|Left Outside||Left Middle||Right Middle||Right Outside||Total|
|20+||2/3||2/4 (1 TD)||1/1||5/8 (1 TD)|
|6-10||1/2 (1 TD)||1/1 (1 TD)||0/1||1/1||3/5 (2 TD)|
|1-5||2/2||3/4||5/5 (1 TD)||4/4||14/15 (1 TD)|
|Total||7/9 (1 TD)||9/12 (2 TD)||8/11 (1 TD)||5/5||29/37 (4 TD)|
Outside the Pocket: 1/2 (plus 1 throwaway)
Under Pressure: 5/7 (1 TD, plus 1 throwaway)
Red Zone: 4/6 (3 TD)
3rd/4th Down: 8/10 (2 TD, 6 conversions)
Forced Adjustments: 3
Total Throwaways: 1
Two months ago, LSU quarterback Joe Burrow was a first-time pupil in the QB Klassroom. By that point in the season, Burrow had taken hold of the nation’s attention, but with the draft so far away and so many narratives yet to unfold, there was little talk of him becoming the eventual No.1 overall pick. Alabama’s Tua Tagovailoa was still the presumptive No.1 pick and Oregon’s Justin Herbert still had some semblance of an argument over Burrow, if for nothing else but a much larger sample size than Burrow’s six or so fantastic games. With most of 2019 in the books now, it’s fair to say Burrow has elevated himself from first-round pick to first-overall lock.
The appeal with Burrow is how pro-ready he is. Everything about Burrow’s game screams high floor and the ability to step in right away to handle an NFL offense. Burrow is composed, calculated, and wonderfully accurate. Even without a fantastic arm to pull off flashy throws, Burrow has everything it takes to keep an NFL offense chugging along as a rookie.
Burrow showed off all those traits against Georgia over the weekend. Specifically, Burrow proved his ability to handle blitzes, pressure, and chaotic pockets to neutralize an aggressive defense. The senior passer was not going to let some tricky blitzes and free rushers derail him from taking home the SEC title.
Minus the play in which he somehow caught his own pass, Burrow was accurate on 8-of-11 passes (with two touchdowns) on plays in which Georgia brought five or more pass-rushers. Not all of those blitzes got home with pressures, but that speaks, in part, to Burrow’s ability to diagnose the blitz and beat it before it beats him. One of Burrow’s throws to a running back versus a blitz package perfectly illustrated his ability to handle extra rushers.
Let’s start with the screenshot above. Georgia are showing three defensive linemen, two linebackers, and a pseudo-linebacker/safety at about eight yards deep. That’s a light box, especially considering LSU are in 11 personnel (1 running back, 1 tight end). Georgia have their slot corner creeped up well inside of the slot receiver, though, with the safety to that side capped directly over that receiver at 10-yards deep. That’s a pretty strong tell that Georgia is blitzing that slot cornerback. Burrow should know he is getting four pass-rushers, at a minimum, between the three defensive linemen and the blitzing corner from the field. If Burrow identifies any extra rusher beyond that, he should know that he probably has to throw hot.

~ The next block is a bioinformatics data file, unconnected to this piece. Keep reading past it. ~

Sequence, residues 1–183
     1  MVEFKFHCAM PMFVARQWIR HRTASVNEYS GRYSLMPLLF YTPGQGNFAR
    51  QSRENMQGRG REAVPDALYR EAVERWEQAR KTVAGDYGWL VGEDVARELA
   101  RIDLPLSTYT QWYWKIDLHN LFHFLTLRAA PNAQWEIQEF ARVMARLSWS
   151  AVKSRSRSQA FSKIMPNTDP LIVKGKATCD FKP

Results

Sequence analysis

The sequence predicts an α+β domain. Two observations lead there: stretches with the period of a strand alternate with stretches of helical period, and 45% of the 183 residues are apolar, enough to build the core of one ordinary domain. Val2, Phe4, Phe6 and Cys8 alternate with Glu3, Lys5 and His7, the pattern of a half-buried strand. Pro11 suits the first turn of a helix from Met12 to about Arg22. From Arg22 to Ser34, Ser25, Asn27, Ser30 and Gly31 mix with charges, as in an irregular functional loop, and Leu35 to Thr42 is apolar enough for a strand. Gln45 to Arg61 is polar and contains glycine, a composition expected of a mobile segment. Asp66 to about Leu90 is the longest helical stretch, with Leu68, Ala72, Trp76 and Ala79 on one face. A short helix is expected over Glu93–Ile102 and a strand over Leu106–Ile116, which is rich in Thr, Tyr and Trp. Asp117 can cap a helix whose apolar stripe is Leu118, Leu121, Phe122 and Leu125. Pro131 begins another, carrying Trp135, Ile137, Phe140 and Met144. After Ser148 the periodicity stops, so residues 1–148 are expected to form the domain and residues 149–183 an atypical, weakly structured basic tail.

As Burrow is getting through his drop back, he sees a blitzing linebacker through the B gap (between guard and tackle). With the linebacker confirmed as a blitzer, Burrow now has information that Georgia only have one potential immediate defender (the cornerback) to cover two potential offensive threats (wide receiver in a tight split and running back). Burrow starts to feel the heat from the blitzing linebacker and rips a pass to running back Clyde Edwards-Helaire slipping out of the backfield. Edwards-Helaire bent his route slightly inward to “replace” the blitzing linebacker for Burrow. Toughing out the hit to make it happen, Burrow is able to find his guy in the vacated area and enable Edwards-Helaire to scoot to a first down.
Sticking to a similar tune, Burrow’s pocket instincts and management help construct the high floor for his game. Burrow has what feels like a sixth-sense for knowing where bodies are coming from in the pocket and how to best avoid them. Whether Burrow needs to make that assessment at a moment’s notice or has time to carefully maneuver through the pocket, the senior star consistently proves he can problem solve in the pocket like no other quarterback in this class.
It depends on how you define blitzes for this to count as one, but regardless, Georgia get a free rusher on this play. LSU’s protection moves to the right, while one of Georgia’s defensive ends attacks the left tackle’s outside shoulder and the defensive tackle attacks the A-gap between the left guard and center. With the left side of a line sliding to the right all occupied, Georgia’s rushing linebacker is afforded a free lane to the quarterback. Burrow gets virtually zero time to react to this and is forced to move as soon as his back foot hits the end of his drop back. Miraculously, Burrow pivots on that back foot to duck and flip his shoulders away from the free rusher. After stumbling out of the initial sack attempt, Burrow is met by another defender, which effectively ends any reasonable chance of a throw and forces a run. 13 yards later, Burrow slides down beyond the sticks for a fresh set of downs on a play that probably should have lost eight yards. Burrow isn’t quite Russell Wilson, but that’s one heck of an imitation.